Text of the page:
It gets hard easily out there.
So don’t “take your water bottle out for a ride.” That means finishing with the bottle still full because you forgot to drink, or you didn’t start till the ride was almost over.
Been there, done that, eh? Well, the same goes for food. You don’t want to take your energy bar, gel packet or other snack for a ride, either.
Especially on a cold, windy ride, your energy can suddenly take a nosedive. Cyclists should never get on a bike in winter without food in their pockets. But, of course, you also have to eat it for it to do you any good.
Don’t wait till you start feeling tired and hungry. By then it may be too late to re-stoke your furnace. Especially on a ride that’ll last two hours or longer, have a bite or two every 20-30 minutes from the start.
If you blow it and feel yourself flagging with miles still to go, your best chance will be to wash down a packet of energy gel. Taken with swallows of water, it’ll get into your system fast. You probably won’t feel strong again, but you will feel better. Do another one (and another one) every 20 or 30 minutes as necessary.
Tip: Keep foodstuff inside your jacket. Body heat helps stop energy bars from becoming hard, unchewable bricks and energy gels from assuming the consistency of window caulk.
Kenneth Pierce says
I am so guilty of this. But I must say that with the extremely hot, humid, and long summers down here in SE Georgia I don’t sweat nearly as much as I do in summer and not having to drink so much is a nice break. I use the cooler weather as a time to get in a lot of LSD, so it is nice to not have to drink, literally, every two minutes just to stay hydrated. In winter I sweat no where near the rate I do in summer so my intake is moderate compared to extreme in summer. And sometimes it’s just too darn cold to take a sip of ice cold water.
Alan Douglas says
Another consideration: if your kit includes apparel designed to keep cold air from rushing into your lungs – like a balaclava or face mask – you will think twice about carrying water. Or even food. This is especially if your habit is consuming while rolling, i.e., bottle to mouth or pocket to mouth. The face covering will need to be removed for liquid or solid food, and who wants to get off the bike for that? However, an actual coffee break will serve to eat that energy bar and break up the ride effort. In that event, your suggestion of where to carry the food – close to your body heat – is a good idea.
Agree with Alan. Our club always stops for a coffee break at a bakery. In winter I never carry water. And I get a pastry at the bakery.
Of course in winter our rides are only 25-40 miles and not that intense.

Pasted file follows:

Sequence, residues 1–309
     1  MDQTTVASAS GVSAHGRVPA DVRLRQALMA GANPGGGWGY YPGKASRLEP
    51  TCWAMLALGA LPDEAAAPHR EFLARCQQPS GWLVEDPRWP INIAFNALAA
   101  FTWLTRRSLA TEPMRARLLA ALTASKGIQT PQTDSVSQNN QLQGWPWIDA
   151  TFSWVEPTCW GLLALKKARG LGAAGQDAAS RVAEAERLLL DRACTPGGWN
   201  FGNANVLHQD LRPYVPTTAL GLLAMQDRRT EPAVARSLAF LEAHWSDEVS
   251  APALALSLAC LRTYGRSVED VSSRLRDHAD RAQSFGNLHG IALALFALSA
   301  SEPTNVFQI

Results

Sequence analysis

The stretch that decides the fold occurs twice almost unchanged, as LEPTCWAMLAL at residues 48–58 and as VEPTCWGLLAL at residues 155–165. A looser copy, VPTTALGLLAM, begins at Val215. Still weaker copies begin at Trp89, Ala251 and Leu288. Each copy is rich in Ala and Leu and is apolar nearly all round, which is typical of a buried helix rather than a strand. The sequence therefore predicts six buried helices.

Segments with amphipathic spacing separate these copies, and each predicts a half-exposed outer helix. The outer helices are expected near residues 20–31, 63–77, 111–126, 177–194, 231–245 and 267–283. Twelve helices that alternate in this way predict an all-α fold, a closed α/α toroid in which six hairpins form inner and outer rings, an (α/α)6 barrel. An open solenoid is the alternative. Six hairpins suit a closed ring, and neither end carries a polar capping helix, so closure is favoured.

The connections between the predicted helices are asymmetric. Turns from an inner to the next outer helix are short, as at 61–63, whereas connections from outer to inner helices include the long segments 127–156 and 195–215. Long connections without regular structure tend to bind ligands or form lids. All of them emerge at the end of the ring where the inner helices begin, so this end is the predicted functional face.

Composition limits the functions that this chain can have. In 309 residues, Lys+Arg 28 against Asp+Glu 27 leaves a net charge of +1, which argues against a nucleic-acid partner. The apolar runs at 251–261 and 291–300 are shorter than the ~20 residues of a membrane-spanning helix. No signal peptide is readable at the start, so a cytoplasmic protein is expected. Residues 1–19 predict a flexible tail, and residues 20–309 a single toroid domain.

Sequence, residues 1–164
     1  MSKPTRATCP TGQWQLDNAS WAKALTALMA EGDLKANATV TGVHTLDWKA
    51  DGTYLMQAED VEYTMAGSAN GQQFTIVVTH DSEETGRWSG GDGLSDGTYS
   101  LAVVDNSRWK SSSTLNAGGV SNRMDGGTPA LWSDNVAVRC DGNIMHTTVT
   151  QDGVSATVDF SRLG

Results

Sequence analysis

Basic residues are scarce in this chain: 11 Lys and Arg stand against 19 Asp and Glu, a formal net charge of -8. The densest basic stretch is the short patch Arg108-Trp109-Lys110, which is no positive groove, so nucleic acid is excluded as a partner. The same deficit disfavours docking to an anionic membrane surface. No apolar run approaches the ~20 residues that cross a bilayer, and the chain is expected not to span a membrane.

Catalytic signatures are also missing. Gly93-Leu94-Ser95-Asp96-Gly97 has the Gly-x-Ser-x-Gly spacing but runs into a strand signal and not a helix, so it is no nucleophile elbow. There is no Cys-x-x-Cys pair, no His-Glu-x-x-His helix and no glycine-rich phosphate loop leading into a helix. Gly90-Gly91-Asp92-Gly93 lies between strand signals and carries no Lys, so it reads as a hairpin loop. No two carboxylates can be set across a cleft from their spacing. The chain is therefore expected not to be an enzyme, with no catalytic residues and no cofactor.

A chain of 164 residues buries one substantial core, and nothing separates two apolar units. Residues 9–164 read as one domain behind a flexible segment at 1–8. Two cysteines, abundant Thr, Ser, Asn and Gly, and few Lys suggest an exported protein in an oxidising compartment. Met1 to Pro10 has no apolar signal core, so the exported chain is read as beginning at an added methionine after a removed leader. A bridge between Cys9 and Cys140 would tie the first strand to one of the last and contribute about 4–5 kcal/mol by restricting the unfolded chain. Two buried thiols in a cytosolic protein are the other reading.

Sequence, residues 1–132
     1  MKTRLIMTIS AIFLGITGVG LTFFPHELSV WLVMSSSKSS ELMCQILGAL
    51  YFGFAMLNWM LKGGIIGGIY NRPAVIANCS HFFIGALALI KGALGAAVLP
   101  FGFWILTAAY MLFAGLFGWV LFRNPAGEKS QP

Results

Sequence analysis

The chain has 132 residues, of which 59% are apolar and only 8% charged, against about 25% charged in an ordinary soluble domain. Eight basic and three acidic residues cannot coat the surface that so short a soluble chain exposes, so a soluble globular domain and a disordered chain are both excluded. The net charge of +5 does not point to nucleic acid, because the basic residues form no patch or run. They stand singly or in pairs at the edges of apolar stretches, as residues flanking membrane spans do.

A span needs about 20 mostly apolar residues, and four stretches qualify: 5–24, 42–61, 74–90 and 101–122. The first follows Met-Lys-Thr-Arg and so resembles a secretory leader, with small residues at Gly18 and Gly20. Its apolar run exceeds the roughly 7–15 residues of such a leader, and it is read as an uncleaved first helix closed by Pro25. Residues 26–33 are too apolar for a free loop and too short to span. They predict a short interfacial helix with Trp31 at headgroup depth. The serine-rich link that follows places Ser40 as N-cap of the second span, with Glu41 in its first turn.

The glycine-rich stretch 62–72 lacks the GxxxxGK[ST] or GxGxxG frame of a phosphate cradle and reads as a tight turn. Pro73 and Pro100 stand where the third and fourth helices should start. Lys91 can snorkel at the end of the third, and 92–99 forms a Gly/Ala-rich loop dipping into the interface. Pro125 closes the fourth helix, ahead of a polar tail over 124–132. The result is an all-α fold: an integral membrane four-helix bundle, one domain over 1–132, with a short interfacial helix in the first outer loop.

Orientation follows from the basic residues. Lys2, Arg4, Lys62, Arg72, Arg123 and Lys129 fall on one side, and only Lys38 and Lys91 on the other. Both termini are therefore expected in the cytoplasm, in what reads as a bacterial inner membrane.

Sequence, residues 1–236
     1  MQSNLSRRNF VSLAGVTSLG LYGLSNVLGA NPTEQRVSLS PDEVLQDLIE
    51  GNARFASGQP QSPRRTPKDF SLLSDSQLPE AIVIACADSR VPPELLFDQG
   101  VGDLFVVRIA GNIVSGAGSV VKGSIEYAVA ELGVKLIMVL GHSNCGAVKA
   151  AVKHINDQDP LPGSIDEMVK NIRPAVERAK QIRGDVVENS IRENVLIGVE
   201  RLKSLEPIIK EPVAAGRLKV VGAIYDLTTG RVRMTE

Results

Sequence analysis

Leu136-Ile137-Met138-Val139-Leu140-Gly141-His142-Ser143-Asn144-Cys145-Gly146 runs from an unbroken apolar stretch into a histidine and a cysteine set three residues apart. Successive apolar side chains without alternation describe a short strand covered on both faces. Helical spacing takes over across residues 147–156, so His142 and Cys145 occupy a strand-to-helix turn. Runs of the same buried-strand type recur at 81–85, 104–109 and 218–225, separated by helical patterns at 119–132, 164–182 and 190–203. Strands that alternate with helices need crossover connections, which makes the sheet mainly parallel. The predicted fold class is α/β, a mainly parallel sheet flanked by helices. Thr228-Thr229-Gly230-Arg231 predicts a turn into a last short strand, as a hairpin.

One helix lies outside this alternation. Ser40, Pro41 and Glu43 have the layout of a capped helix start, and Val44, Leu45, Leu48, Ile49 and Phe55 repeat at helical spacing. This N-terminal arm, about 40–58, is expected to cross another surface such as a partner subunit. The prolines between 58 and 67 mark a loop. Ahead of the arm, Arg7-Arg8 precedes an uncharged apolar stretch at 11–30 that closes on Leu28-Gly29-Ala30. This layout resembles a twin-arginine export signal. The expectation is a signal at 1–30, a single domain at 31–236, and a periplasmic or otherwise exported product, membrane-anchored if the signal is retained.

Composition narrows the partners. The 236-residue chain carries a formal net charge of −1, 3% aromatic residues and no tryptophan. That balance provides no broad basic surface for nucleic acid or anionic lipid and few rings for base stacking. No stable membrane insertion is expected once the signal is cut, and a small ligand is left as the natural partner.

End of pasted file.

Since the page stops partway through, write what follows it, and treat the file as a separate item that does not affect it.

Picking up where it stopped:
For a 90 min winter ride, I carry about a 1/3 full 20 oz water bottle of a weak Gatorade mix. By watching the time on my bike computer, I take a couple of squeezes on the bottle every 20 minutes. No energy or dehydration problems here.
A couple tips from the cross-country ski side of things …
– “POLAR” insulated water bottles aren’t the ultimate answer but they do chill down slower than a straight un-insulated bottle.
– start with hot water in the bottle.
– Store the bottle upside down (I do this in my XC pack, might work in a bike’s bottle cage). First thing to freeze is always the neck and the valve because that part has only air in it … if it’s kept flooded with water it doesn’t freeze until the whole mass of water freezes.
– clearance permitting, wrap the bottle in an old woolen sock. (You do have odd socks don’t you? Our dryer is powered by lost socks).
Louis Lamoureux says
Second on all this, I did a couple century rides where my water bottle froze absolutely solid before the first rest stop. I also use a Camelbak, but the hose will freeze faster, so get in the habit of blowing the liquid back into the reservoir. I even blow it back in the summer so that water doesn’t heat up in the sun.
When temps are around freezing, I start with just one 1-liter bottle, about 2/3 full of water.
Gotta have some to wash down my nutrition bar and SaltStick caps (to fend off cramping). I also use the squirt bottle to fend off chasing dogs (worked 3 times so far).
Rob MacLeod says
Great reminder, although the title confused me at first. My question is often whether to use ice in the bottle or let nature cool it down. Of course, drinking cold liquid on a cold day makes little sense, and is my typical mistake. I ride in sub-freezing weather in Utah all the time but rarely does it get so cold that my bottle contents freeze, however, and I have never tried taking a warm drink.
Hence the question–what experience do you and others have with warm drinks on cold days? I am never (or rarely) cold on my rides so I don’t feel like I need the heat from a drink but are there other factors to consider?
Thanks and Happy 2023 to all!
Don’t drink till you become thirsty, don’t eat till you become at least somewhat hungry!
Rob MacLeod says
I thought we had gone past that advice given that our motivation to eat/drink often lags behind the need, or at least the time it takes for consumption of either to catch up. No idea if cold temperatures have any impact on this whole regulatory system, i.e., the hunger/thirst sensations or the time before nutrients are delivered. Anyone checked that scientific literature or have anecdotal evidence (N > 1 is nice 😄 )?
I am heading out now on a lovely sunny Utah day at 3C, a rare sunny break in the midst of a lot of nice snowstorms. I will try a small bottle + electrolyte tabs but no ice.
Rob from Utah